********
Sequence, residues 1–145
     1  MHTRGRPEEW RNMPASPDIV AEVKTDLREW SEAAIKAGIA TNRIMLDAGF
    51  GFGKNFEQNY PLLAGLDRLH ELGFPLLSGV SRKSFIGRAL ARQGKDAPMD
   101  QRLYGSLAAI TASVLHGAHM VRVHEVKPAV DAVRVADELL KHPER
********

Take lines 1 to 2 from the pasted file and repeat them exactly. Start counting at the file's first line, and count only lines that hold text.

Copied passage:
Sequence, residues 1–145
     1  MHTRGRPEEW RNMPASPDIV AEVKTDLREW SEAAIKAGIA TNRIMLDAGF